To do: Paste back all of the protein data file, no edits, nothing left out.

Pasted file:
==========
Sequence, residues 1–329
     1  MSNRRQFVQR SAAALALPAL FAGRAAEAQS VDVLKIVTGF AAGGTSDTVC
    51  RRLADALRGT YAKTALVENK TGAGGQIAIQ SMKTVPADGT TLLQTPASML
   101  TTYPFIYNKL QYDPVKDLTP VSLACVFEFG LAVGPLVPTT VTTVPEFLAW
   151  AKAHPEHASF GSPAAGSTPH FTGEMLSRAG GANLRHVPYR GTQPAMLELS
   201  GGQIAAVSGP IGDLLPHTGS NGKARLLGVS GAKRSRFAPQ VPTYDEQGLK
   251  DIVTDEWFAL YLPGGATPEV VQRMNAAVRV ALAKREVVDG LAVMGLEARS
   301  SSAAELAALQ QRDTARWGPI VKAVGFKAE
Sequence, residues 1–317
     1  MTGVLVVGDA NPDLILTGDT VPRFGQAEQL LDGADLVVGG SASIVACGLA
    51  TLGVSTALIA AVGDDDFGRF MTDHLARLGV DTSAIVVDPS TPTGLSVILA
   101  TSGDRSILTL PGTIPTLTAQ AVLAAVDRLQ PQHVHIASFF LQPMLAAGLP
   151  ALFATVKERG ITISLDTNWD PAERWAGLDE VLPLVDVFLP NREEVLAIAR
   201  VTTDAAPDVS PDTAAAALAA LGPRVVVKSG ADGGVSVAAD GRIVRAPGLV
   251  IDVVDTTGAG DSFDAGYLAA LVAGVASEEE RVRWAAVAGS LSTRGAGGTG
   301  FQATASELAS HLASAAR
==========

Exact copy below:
Sequence, residues 1–329
     1  MSNRRQFVQR SAAALALPAL FAGRAAEAQS VDVLKIVTGF AAGGTSDTVC
    51  RRLADALRGT YAKTALVENK TGAGGQIAIQ SMKTVPADGT TLLQTPASML
   101  TTYPFIYNKL QYDPVKDLTP VSLACVFEFG LAVGPLVPTT VTTVPEFLAW
   151  AKAHPEHASF GSPAAGSTPH FTGEMLSRAG GANLRHVPYR GTQPAMLELS
   201  GGQIAAVSGP IGDLLPHTGS NGKARLLGVS GAKRSRFAPQ VPTYDEQGLK
   251  DIVTDEWFAL YLPGGATPEV VQRMNAAVRV ALAKREVVDG LAVMGLEARS
   301  SSAAELAALQ QRDTARWGPI VKAVGFKAE
Sequence, residues 1–317
     1  MTGVLVVGDA NPDLILTGDT VPRFGQAEQL LDGADLVVGG SASIVACGLA
    51  TLGVSTALIA AVGDDDFGRF MTDHLARLGV DTSAIVVDPS TPTGLSVILA
   101  TSGDRSILTL PGTIPTLTAQ AVLAAVDRLQ PQHVHIASFF LQPMLAAGLP
   151  ALFATVKERG ITISLDTNWD PAERWAGLDE VLPLVDVFLP NREEVLAIAR
   201  VTTDAAPDVS PDTAAAALAA LGPRVVVKSG ADGGVSVAAD GRIVRAPGLV
   251  IDVVDTTGAG DSFDAGYLAA LVAGVASEEE RVRWAAVAGS LSTRGAGGTG
   301  FQATASELAS HLASAAR